May 2010   (final data collection date for primary outcome measure)

Inclusion Criteria:

  • women scheduled for elective gynecological surgery under combined spinal-epidural anesthesia

Exclusion Criteria:

  • contraindications for CSE placement
  • known allergy, sensitivity, or contraindication to opioid and nonopioid analgesic drugs
  • history of bleeding disorders, peptic ulceration, or anticoagulant use within the past month
  • current pregnancy or breastfeeding
  • history of known or suspected drug abuse
  • unable to understand the use of pain assessment scales and the PCA device
  • Patient with asthma or bronchospasm, requiring treatment with glucocorticoids
  • poorly controlled hypertension or diabetes, a chronic or acute renal or hepatic disorder, or inflammatory bowel disease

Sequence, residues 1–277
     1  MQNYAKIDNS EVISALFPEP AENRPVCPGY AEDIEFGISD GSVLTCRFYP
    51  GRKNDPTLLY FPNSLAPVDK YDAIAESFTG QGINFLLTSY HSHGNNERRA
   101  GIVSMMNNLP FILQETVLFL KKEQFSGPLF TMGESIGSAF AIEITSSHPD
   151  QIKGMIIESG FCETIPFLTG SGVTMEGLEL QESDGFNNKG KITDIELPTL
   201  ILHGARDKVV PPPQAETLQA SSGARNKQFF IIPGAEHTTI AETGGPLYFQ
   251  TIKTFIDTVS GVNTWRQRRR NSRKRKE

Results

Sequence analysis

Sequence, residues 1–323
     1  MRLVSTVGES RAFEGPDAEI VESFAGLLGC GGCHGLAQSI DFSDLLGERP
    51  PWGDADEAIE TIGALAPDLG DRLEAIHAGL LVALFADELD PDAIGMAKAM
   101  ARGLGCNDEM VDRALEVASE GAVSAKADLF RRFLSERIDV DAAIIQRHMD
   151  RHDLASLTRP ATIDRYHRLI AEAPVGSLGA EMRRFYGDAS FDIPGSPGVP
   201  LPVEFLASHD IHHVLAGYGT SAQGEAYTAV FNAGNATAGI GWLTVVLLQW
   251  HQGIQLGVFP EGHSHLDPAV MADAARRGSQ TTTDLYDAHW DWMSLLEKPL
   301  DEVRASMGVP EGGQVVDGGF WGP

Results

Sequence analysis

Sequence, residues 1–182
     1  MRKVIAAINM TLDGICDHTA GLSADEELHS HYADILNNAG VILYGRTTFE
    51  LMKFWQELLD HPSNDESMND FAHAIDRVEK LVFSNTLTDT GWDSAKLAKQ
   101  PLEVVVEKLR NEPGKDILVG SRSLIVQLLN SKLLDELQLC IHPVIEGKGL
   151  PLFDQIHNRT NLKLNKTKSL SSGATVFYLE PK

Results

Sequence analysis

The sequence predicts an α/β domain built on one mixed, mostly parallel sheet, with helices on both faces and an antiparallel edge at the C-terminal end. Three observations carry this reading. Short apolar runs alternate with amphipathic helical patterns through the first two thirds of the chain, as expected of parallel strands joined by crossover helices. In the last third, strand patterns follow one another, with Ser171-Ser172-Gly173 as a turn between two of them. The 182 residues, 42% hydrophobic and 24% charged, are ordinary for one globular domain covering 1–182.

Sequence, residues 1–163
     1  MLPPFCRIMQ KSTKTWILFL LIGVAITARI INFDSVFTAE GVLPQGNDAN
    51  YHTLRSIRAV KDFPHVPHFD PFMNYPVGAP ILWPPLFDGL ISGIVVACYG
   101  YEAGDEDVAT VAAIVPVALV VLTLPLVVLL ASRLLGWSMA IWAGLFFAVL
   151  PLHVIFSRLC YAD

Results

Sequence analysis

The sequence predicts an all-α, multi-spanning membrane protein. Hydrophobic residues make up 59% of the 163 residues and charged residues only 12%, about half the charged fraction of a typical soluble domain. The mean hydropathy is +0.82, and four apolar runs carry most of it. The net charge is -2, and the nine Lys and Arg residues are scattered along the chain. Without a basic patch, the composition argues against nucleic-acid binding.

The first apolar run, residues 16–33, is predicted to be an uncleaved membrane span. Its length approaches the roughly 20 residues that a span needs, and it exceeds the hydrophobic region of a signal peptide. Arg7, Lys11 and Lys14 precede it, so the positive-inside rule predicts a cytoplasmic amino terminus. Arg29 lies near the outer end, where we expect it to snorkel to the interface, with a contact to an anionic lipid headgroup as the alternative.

• patients had taken antidepressants, narcotic analgesics, antihistamines, anxiolytics, hypnotics, sedatives, NSAIDs, or corticosteroids up to 24 h before receipt of the study medication
Female
18 Years to 65 Years
No
Contact information is only displayed when the study is recruiting subjects
China
 
NCT01566669
PCEA
No
Liu Weifeng, First Affiliated Hospital, Sun Yat-Sen University
Liu Weifeng
  • Guangdong General Hospital
  • Second Affiliated Hospital, Sun Yat-Sen University
  • Nanfang Hospital of Southern Medical University
Study Chair: Wenqi Huang, postgraduate The First Affliated Hospital, Sun Yet-Sen University
First Affiliated Hospital, Sun Yat-Sen University
September 2012

ICMJE     Data element required by the International Committee of Medical Journal Editors and the World Health Organization ICTRP